May 15, 2023

lumps in lips haematoma

Getting the diagnosis right when presented with a confusing complication in the lips can be tricky and often causes panic for many aesthetic practitioners – is it a vascular occlusion or a haematoma?

In this blog, Dr Tim Pearce will discuss effective ways to diagnose, manage, and more importantly avoid causing haematomas in lips when delivering dermal filler injections for lip enhancement and augmentation.

Do you feel anxious about causing complications? Many clinicians feel so overwhelmed with the thought of causing a vascular occlusion that it stops them growing their aesthetics business. Dr Tim is currently hosting a webinar series to help you overcome your fear of complications so that you can uplevel your knowledge, and increase your CPD-certified learning to build a successful aesthetics business. Sign up here >>

How to diagnose a haematoma in the lips

Often, aesthetic clinicians can be shocked by the occurrence of a haematoma in the lips after the injection of dermal filler. Thankfully, they are not that commonplace, but the result can be quite dramatic leading to a rising panic within the practitioner that something very serious has occurred. This is where medical diagnosis is so vital – firstly, you must rule out the most serious complication and then move to the more benign as you evaluate the patient. Therefore, in the first instance it is important to rule out a vascular occlusion, which can be done using capillary refill checks, before moving on to potentially diagnosing a haematoma.

Often, the patient will make contact the day after their procedure concerned and agitated about a large bruise that is sore. They may send you a photograph using a messaging App or email, for example. Without them directly in front of you at this point, diagnosis is difficult.

Your priority is to rule out a vascular occlusion by accessing capillary refill and blood supply within the lips. It is not ideal to do this by video but is certainly better than nothing if your patient is not nearby at the time of contacting you.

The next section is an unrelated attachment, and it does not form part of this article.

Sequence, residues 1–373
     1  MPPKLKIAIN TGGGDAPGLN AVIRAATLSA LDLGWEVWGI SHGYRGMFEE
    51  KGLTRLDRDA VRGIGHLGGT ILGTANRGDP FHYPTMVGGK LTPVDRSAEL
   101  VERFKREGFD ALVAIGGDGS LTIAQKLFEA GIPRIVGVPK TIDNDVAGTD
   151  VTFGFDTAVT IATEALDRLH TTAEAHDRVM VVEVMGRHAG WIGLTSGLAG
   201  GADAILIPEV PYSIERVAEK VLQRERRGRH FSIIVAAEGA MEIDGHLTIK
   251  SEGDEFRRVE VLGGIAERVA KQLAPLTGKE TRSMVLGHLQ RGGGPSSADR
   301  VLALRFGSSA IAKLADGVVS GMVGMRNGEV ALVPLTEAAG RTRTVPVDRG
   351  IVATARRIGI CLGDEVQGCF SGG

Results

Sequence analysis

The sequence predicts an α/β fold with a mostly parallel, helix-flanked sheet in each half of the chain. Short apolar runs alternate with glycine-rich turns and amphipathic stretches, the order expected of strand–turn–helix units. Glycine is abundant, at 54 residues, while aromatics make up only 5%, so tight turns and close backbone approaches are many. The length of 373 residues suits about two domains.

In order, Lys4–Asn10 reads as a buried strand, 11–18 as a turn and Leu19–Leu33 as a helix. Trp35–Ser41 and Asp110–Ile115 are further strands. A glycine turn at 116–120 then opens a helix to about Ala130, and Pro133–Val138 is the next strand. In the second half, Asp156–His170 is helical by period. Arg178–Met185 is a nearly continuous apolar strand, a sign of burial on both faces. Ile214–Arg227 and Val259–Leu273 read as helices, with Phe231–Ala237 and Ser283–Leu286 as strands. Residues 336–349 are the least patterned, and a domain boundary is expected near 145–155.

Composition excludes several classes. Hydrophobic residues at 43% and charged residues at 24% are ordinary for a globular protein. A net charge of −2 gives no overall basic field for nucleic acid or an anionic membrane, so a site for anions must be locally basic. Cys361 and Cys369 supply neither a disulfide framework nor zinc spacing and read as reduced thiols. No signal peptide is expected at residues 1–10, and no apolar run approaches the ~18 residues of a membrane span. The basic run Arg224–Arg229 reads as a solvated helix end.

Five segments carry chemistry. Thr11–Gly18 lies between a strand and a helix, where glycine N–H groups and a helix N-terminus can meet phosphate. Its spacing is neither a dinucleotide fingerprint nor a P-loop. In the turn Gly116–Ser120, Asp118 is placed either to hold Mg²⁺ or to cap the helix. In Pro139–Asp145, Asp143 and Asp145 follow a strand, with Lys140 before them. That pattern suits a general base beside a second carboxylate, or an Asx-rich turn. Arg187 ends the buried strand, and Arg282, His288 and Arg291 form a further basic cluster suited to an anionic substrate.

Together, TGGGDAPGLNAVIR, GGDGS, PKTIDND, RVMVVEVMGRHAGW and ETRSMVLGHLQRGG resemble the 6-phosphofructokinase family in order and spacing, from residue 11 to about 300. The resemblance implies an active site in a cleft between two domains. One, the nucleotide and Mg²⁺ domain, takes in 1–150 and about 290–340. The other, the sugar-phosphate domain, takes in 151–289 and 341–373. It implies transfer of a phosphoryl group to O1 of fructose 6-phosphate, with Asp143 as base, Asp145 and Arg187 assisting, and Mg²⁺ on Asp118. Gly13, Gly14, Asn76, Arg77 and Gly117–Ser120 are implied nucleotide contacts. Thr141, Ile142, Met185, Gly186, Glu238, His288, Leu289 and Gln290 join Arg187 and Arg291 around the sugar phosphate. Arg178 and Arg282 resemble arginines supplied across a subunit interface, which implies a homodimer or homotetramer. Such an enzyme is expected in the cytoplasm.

However, to help you gauge the extent of the problem, you must ensure a good methodology is followed. Using a good quality video, recorded in good lighting with a patient who compresses the entire arterial field around the area before releasing it, will allow you to see if there is good blood flow equally on both sides of the lip. A light touch when compressing the lip is inadequate as it will only squeeze blood out from the very surface area of the lips and can be misleading if a compromise is located deeper within the structure because enough blood will remain to make capillary refill appear to be functioning.

Patients must be guided to press hard on the lip in the area being tested, for a minimum of five seconds, even if it feels uncomfortable and sore. Ideally, they should compare it with the other side of the lips simultaneously and press firmly on both areas. Upon release, you will be able to assess the refill, and be reassured if blood flow is equal. However, the problem with haematomas is that there is usually a discoloration of the skin, and you may not be able to adequately see the result of the capillary refill on a video, which is why it is best practice to call your patient back into your clinic to check them in person.